I’d love to know what Anni Enoka is all about! What’s your style and where do you get your inspiration from?

I’m interested in sportswear. I think of myself as a customer, I think about the things I like wearing and use that to make my products. I would say my work is a mix between street [wear] and sports style, but I guess I’m more interested in how things work. So as I’m learning a new technique, I start making a piece. 

In terms of inspiration, it can be hard to find a middle point because obviously, I want the product to be stylish, but I also want to ensure it stays true to what I’m into. Growing up in New Zealand has also been a huge inspiration and a driving force for me…  I’m actually going back soon to take some time [off] and re-inspire myself.

You mentioned you use found fabrics and deadstock for your creations. Can you tell me where you source the material from?

I get my supply from a place called Remnant Warehouse in Sydney, as well as from designers who often have leftover fabric from their creations. I get a lot of stretch fabric, so it [often] ends up being deadstock fabric from other sportswear companies – which is interesting because I’m making pieces from the same fabric, but just with a lot more care and time.

Do you make pieces to order or custom pieces? Or is it more collection-based? 

I sell mostly made-to-order pieces through Instagram, but I’ve just recently [been] stocked at a local store, Error 404I have an online shop too, but I’ve found that in terms of production, I only want to work with what I can keep up with and I want to have my platform build organically, rather than rushing into things.


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What are some things that you keep in mind when you’re creating your pieces?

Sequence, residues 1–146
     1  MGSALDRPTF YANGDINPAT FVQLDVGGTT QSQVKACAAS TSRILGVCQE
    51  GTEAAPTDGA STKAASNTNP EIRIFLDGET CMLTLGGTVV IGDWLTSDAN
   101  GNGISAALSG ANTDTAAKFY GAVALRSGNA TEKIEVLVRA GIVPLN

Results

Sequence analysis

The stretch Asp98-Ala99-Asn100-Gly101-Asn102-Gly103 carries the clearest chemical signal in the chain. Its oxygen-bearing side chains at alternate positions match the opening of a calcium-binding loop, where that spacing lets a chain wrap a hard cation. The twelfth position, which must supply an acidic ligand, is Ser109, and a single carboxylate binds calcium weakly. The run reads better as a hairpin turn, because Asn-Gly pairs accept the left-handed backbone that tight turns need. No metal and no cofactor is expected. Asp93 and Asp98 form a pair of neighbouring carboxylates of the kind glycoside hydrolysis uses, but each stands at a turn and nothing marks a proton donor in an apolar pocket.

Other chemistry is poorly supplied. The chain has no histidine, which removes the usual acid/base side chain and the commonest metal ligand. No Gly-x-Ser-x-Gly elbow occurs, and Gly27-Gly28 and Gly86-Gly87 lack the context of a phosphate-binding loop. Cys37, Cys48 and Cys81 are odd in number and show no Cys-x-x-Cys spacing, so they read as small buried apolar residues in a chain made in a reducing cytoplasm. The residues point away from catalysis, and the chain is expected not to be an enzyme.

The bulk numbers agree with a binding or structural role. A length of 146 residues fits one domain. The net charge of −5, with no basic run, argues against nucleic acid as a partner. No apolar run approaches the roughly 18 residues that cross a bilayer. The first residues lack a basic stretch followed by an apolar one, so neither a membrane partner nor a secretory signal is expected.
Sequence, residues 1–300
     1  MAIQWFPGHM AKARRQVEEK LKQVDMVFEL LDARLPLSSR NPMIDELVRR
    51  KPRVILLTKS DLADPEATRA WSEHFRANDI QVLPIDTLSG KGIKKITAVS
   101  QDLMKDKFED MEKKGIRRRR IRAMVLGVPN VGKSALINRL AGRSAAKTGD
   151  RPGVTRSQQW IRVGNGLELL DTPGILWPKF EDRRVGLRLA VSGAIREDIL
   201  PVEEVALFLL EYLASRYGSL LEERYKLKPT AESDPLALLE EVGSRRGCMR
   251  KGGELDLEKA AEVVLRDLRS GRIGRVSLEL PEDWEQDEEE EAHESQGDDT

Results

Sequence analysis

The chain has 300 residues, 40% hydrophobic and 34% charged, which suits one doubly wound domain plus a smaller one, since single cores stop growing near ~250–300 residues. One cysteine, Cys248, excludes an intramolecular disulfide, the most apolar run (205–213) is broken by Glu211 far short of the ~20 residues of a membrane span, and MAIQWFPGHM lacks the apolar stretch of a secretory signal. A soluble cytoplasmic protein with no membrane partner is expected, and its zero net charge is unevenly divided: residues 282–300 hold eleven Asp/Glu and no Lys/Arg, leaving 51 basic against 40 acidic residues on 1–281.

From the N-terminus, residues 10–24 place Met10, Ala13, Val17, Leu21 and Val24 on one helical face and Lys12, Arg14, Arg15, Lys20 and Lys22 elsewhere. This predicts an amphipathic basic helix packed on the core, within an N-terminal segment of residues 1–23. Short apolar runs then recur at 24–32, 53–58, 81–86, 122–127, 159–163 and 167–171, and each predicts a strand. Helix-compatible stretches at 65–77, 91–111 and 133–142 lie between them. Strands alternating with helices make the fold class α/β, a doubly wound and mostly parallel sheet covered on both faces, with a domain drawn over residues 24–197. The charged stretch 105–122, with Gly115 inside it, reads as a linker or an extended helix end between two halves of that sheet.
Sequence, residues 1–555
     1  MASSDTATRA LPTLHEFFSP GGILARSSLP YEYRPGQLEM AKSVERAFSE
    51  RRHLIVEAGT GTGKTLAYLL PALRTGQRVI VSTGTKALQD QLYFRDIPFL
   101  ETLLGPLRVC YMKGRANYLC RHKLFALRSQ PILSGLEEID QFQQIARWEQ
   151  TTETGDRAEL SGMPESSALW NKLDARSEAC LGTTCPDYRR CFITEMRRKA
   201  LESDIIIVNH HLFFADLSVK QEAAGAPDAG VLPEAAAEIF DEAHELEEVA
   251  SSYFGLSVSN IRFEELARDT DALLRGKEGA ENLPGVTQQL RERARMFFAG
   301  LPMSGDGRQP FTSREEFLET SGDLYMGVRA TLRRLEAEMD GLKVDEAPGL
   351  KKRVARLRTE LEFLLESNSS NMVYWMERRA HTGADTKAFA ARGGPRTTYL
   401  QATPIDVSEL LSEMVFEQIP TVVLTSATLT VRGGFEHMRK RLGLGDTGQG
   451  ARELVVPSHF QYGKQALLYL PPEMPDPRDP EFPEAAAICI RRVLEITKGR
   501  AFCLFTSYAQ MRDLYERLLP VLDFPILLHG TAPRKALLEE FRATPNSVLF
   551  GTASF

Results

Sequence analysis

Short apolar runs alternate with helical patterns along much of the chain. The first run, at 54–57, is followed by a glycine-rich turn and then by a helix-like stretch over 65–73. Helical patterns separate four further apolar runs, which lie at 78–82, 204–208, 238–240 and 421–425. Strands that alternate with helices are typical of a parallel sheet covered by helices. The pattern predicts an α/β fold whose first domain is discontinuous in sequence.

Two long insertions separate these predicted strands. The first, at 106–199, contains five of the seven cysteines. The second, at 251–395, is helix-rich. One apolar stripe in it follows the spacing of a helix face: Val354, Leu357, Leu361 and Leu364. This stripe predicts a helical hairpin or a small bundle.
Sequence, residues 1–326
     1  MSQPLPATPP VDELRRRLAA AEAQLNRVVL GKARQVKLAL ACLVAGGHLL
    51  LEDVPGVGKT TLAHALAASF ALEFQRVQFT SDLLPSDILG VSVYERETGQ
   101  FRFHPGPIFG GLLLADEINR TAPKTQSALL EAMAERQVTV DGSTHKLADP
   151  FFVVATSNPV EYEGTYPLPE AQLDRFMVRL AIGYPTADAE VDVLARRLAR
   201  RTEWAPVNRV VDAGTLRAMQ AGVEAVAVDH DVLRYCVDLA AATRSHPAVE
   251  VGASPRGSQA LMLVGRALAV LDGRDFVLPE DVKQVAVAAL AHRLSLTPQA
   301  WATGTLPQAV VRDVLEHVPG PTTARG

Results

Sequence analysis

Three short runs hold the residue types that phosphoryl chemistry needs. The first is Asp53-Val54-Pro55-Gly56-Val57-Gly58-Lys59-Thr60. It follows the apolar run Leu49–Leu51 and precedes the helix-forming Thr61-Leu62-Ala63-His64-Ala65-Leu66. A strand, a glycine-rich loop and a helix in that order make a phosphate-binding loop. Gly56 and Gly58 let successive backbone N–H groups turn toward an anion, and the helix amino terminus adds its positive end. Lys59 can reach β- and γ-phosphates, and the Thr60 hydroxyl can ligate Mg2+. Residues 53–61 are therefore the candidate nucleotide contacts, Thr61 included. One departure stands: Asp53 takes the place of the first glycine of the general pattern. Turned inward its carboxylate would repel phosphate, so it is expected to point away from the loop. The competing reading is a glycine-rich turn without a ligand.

I just don’t want to be left with all this stock, so in terms of sustainability, my interest in production really helps with that because I don’t want items just sitting in my studio. Also, I feel like the customers are a lot smarter now; they’re wanting something that is a bit more unique and they [want to] feel powerful wearing it because they know someone has made it, touched it, and thought about it. I think people are also wanting to support local designers more and are wanting to have something that’s a bit more thought-out.

Are there any challenges you have faced or are still facing when creating your clothing?

Definitely. Starting the business by myself has been interesting, financially. I haven’t had any funding so everything came from the money I saved when I started making a few pieces here and there. It’s crazy to me how things have managed to work out.

Where do you see yourself and your brand in a few years from now?

I want to continue making pieces and I would love to eventually have a team. It can get pretty hectic as it’s just me now, but building a team and having everyone understand my direction would be great to have one day!

You can browse more of Annie’s pieces here.